NOAA forecasts a warm, wet winter but does that mean less snow?

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Friday, October 20, 2023
What does NOAA's winter weather forecast mean for us?
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Meteorologist Lee Goldberg discusses the 2023 NOAA Winter Outlook.

NEW YORK (WABC) -- The upcoming United States winter looks likely to be a bit low on snow and extreme cold outbreaks, with federal forecasters predicting the North to get warmer than normal and the South wetter and stormier.

A strong El Nino heavily moderates and changes the storm tracks of what America is likely to face from December to February, with an added warming boost from climate change and record hot oceans, officials at the National Oceanic and Atmospheric Administration said Thursday in releasing their winter outlook.

Eyewitness News Chief Meteorologist Lee Goldberg says this means we'll likely see above-normal temperatures for much of the winter. That does not mean we escape extreme cold, but the staying power will be limited, he said.

At the same time, the storm track will likely be more active, so expect more coastal storms or nor'easters as we go through the winter.

The question is whether cold air and a coastal storm will happen simultaneously. That will make the difference between more snow or more of a wintry mix.

While AccuWeather is predicting below-average snowfall, it's likely the New York City area will see more snow than last winter.

Most of the country is predicted to be warmer than normal with that warmth stretching north from Tennessee, Missouri, Nebraska and Nevada, along with nearly all of California. The rest of the nation is forecast to be near normal or have equal chances for warm, cold or normal. NOAA doesn't predict any part of the U.S. to be cooler than normal this winter.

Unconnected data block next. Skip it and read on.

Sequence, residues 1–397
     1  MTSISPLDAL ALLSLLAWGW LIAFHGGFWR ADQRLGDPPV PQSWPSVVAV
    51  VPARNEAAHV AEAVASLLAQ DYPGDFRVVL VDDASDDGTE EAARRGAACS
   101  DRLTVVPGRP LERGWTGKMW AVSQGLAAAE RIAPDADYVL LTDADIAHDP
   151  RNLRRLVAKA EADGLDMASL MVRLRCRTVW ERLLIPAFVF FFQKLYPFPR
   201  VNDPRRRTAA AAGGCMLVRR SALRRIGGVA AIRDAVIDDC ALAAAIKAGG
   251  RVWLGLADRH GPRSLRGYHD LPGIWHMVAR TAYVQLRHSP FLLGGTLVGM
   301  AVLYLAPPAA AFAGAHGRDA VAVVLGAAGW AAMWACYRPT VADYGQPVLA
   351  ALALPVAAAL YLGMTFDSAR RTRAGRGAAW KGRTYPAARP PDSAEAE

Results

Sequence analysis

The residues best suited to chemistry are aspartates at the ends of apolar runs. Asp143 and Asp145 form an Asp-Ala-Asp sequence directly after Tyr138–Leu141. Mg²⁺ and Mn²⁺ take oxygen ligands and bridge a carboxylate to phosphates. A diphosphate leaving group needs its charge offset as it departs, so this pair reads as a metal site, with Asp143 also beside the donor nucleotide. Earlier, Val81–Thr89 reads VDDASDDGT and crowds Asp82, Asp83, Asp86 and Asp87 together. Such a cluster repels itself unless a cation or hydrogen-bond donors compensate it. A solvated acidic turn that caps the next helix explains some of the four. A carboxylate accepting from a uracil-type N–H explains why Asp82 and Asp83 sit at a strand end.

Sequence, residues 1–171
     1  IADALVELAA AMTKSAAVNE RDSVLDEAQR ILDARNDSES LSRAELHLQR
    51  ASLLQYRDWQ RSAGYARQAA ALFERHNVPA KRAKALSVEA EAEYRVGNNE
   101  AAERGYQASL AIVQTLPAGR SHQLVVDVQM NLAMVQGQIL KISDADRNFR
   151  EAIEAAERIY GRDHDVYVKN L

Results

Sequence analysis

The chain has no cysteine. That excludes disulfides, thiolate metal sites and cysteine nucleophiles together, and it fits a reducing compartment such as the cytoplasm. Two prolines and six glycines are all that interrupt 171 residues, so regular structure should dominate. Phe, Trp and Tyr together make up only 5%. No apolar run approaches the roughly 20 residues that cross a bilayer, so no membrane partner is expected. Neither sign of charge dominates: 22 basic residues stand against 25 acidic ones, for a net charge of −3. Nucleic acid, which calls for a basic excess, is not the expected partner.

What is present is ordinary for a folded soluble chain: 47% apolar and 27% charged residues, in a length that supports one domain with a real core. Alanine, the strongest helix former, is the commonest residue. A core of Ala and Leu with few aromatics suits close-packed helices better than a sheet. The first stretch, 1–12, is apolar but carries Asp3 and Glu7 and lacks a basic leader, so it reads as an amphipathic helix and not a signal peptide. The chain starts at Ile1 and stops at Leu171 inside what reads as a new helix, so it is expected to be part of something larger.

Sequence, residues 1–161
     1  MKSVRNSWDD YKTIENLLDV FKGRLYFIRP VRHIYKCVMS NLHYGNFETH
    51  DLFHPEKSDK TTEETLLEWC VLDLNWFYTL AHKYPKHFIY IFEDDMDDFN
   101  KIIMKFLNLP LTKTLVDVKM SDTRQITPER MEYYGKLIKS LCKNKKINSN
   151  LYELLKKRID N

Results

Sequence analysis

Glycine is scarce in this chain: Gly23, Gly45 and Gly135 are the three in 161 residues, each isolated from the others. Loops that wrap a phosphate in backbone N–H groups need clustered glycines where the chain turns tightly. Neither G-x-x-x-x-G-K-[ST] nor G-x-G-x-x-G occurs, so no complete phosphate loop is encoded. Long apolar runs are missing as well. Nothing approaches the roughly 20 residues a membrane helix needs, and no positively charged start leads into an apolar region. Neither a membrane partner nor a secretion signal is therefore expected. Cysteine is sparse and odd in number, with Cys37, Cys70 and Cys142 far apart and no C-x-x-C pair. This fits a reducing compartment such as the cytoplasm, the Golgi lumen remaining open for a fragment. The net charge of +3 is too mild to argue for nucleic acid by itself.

"The greatest odds for warmer than average conditions are in Alaska, the Pacific Northwest and northern New England," Gottschalk said.

A similarly large southern swath of the country is predicted to be wetter. The forecast of added moisture stretches from Massachusetts down the East Coast along most of the South below Tennessee, and extending west through Texas, Kansas, Colorado, Utah, Nevada and most of California, but excluding good chunks of New Mexico and Arizona.

The Great Lakes region and the furthest northern parts of the nation stretching from Lake Erie to eastern Washington are forecast to be drier than normal.

RELATED: Weathering Tomorrow - see how climate change is impacting your community

All this is because of El Nino, which is a natural periodic warming of parts of the Pacific that changes weather patterns worldwide and generally heats up global temperatures, Gottschalk and other NOAA scientists said. El Nino has its strongest effects, especially in the United States, during the winter. That's when it sends the jet stream, which moves storm fronts, on an unusual path that is dominated by warmer and wetter Pacific air plunging south.

That means more rain in the South and extra storminess in the late winter, Gottschalk said. El Nino often means "unusual severe weather across the state of Florida because of a strong subtropical jet stream," he said.

Those changes in the jet stream often can bring a storm along the East Coast with moisture from the Caribbean and Gulf of Mexico "to get very juiced up" and fall as heavy snow in big eastern cities, Gottschalk said. That depends on timing of temperatures and other conditions, so it's not likely to happen more than a couple times. But if the timing is right, "these storms can really explode off the East Coast," he said.

He pointed to Washington's paralyzing 2010 Snowmageddon storm that dumped more than 2 feet on the capital region during an El Nino.

Normally the South gets not just wetter but cooler during an El Nino, but Gottschalk said the warmer ocean temperatures and record hot summer temperatures led forecasters to ditch a cooler outlook.

NOAA scientists said climate change is an added factor to their forecast, especially with winter being a season where the world sees some of the most warming above old normals from the burning of coal, oil and natural gas. Winter in the Lower 48 has warmed on average 1.6 degrees Fahrenheit (0.9 degrees Celsius) in the past 40 years, according to NOAA data.


Some information from The Associated Press


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